Tip of the hat, Wag of the finger: IKEA Perth

ikea

My Tip o’ the hat goes to: The greeter at IKEA Osborne Park in Perth, when I walked in there for the first time this week. Sometimes I like to pretend I’m independent, you see, part of the Human Race of folks who sometimes Go Out and sometimes Buy Stuff. Which would likely be relatively simple in a world set up to include people like me.

I easily found a parking spot marked “accessible” (OH LAWL, but that’s later in the post), and she greeted me looking and sounding as if she wanted to help.

“I’d like to buy some lighting without walking very far, please,” I said. She smiled, and pointed me straight to the lift (briefly noting the presence of the escalator just in case I wanted that instead). She handed me a map, and traced out a path through the store involving lifts, shortcuts, and surprisingly little walking. She was pleasantly patient with my clarification questions, and I was off and racing. For various values of “racing” that include “stopping for a little rest here and there”.

I found my coveted Jansjö flexible-stemmed LED wall lamps. Oh, how I {heart} them. As I did, an older bloke, fellow customer, stopped me (no hands-on, for which he gets the world’s smallest cookie), and said, as if trying to help my poor addled self, “You know they’re the dearest ones, dear?”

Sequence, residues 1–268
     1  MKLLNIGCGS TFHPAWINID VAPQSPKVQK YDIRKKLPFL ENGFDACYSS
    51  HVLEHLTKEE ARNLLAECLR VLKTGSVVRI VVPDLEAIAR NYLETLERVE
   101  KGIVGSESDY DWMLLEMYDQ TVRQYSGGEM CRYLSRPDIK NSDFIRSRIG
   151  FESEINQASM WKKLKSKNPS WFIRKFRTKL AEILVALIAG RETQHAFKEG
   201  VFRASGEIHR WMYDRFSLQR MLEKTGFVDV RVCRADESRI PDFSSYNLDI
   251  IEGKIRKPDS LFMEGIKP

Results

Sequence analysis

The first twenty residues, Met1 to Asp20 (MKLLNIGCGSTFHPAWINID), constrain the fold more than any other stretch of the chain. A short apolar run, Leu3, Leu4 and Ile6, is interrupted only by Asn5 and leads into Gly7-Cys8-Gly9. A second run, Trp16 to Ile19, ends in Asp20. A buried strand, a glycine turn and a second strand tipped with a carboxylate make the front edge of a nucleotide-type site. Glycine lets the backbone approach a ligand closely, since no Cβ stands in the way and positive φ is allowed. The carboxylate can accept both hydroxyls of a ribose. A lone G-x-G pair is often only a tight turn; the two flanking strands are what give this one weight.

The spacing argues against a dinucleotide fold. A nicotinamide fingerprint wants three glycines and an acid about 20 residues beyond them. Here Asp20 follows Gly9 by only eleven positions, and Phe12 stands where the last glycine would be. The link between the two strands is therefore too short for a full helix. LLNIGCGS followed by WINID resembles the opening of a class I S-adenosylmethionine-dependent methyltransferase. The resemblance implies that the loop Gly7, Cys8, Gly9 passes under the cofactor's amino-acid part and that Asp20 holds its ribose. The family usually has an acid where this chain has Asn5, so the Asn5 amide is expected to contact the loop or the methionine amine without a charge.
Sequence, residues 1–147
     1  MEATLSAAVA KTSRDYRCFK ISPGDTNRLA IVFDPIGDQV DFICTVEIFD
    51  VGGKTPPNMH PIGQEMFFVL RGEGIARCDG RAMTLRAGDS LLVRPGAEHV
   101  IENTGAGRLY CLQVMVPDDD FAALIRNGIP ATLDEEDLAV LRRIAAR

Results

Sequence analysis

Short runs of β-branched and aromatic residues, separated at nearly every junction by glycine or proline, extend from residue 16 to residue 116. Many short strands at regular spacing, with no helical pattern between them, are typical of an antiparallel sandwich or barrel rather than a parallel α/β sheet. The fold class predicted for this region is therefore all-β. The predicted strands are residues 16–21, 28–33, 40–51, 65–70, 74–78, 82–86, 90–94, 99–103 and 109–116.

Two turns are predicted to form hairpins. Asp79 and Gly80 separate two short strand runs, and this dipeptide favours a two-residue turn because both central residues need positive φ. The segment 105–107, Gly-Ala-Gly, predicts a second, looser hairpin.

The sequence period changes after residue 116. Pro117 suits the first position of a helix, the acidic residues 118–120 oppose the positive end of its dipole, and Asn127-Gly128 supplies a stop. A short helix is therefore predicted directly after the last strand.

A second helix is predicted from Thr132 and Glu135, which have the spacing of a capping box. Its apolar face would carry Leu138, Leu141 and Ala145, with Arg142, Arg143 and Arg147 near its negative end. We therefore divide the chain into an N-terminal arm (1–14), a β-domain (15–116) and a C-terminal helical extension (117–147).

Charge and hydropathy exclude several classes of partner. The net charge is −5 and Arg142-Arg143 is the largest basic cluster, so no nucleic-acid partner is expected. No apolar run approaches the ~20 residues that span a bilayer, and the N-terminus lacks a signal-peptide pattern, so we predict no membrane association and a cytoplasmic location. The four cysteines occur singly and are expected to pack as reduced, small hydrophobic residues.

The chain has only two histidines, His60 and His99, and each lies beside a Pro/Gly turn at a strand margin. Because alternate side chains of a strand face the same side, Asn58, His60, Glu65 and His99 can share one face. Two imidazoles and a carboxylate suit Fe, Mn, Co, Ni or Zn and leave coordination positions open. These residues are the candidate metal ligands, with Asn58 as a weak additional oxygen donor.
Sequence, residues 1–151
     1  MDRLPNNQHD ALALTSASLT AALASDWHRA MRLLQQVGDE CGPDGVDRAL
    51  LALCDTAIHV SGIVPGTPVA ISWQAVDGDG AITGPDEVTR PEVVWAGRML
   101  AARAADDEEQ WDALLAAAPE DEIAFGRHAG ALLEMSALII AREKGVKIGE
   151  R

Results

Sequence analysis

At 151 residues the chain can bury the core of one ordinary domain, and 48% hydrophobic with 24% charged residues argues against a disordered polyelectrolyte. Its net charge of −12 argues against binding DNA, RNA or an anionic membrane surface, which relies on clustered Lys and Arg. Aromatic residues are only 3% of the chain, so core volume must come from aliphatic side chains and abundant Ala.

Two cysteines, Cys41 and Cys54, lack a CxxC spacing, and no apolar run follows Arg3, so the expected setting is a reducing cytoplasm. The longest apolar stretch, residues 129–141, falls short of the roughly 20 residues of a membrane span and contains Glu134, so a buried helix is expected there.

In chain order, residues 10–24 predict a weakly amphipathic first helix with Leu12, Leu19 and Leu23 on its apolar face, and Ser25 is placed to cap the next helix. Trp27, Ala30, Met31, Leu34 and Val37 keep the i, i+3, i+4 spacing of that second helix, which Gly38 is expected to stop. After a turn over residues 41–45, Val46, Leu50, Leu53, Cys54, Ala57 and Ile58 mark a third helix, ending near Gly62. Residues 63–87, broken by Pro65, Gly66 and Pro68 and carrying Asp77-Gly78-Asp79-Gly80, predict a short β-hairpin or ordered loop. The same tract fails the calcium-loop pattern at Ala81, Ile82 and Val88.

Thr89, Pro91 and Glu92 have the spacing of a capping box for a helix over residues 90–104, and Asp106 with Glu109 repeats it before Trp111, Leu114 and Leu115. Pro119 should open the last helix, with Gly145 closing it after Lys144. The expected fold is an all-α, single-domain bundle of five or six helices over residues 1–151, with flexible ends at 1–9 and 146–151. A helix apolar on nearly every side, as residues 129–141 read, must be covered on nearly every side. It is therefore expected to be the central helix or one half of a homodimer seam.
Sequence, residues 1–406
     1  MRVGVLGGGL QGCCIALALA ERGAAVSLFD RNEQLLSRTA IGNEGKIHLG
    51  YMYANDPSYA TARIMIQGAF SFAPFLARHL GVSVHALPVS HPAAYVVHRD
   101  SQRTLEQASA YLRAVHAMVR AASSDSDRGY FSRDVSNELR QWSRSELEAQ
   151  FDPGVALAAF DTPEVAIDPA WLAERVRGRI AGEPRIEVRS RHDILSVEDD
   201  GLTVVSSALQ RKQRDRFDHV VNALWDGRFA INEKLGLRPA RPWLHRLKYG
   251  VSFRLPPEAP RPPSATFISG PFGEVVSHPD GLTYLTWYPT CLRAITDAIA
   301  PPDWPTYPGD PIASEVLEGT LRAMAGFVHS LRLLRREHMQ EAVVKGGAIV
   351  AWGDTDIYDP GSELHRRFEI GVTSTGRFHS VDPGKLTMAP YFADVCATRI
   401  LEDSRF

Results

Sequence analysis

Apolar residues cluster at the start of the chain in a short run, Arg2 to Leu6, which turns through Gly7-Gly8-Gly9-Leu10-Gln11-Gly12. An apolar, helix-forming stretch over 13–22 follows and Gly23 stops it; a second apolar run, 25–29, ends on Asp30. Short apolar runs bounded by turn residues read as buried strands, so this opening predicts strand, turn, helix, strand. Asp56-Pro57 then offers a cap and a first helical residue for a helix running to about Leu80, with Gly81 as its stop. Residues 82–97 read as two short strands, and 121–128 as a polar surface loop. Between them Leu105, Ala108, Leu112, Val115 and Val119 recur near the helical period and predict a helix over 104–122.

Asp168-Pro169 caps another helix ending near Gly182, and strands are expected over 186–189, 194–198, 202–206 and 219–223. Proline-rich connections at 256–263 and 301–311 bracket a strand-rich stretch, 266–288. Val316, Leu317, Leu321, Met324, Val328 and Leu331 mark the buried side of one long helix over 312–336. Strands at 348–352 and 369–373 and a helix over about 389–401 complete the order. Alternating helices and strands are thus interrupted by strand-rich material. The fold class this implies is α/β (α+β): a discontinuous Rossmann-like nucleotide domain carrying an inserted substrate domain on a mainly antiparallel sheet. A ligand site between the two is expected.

“Yes,” I said, “But they’ve a light-emitting diode, you see, giving me fifty thousand hours of light, and at only 4.2 Watts. I’ll never have to locate and change one of those stupid fucking fiddly little fucking douche-arse fucking lamp globes again!” [This may have been filtered a little in the articulation process.]

“Oh.” he said. “Well, that’s a good point.” And wandered off.

I found the checkout. No queues. Yay.

~~~~~

Which brings me to my Wag o’ the finger: The store Exit & Pickup Complex. Which is nowhere near the store Entrance. Which is a problem, you see, as the “accessible” parking is over past the other side of the Entrance.

What. The. FUCK.

I hit the Exit & Pickup Complex exhausted, thinking, “Cool, all I’ll have to do is pop my things in the car, and I’ll be off at last.” But no. I had to park my trolley (the trolleys are hemmed into the Exit & Pickup Complex by pylons, so that you can’t wheel your trolley, which doubles as a handy improvised leaning walker when one is tired and one’s legs are aching, back to the “accessible” parking area. Oh no, because we can’t have that: mayhem would ensue if the gimps had it too easy. We must have Order at all times. Beautiful IKEA örder. Neatly confined trölleys. Tidy, tucked-away car pårking. And not an unhale body in sight, on account of all the keeled-over fölk are piled up behind the liftwell or something.

I had to somehow schlep all the way back to my car, drive it back over to the Exit & Pickup complex, haul myself back OUT of my car, load my purchases in (I picked up a few cushions on the trip), and get the hell out of there.

Here’s the thing:

ACROD parking permits are issued to people who need wider spots and ramps, or to people for whom walking more than 50 metres can be detrimental. To people for whom parking more than 50 metres away can cause physical pain, distress, difficulty, deterioration in their health, or risk to their life, such that close proximity parking is required.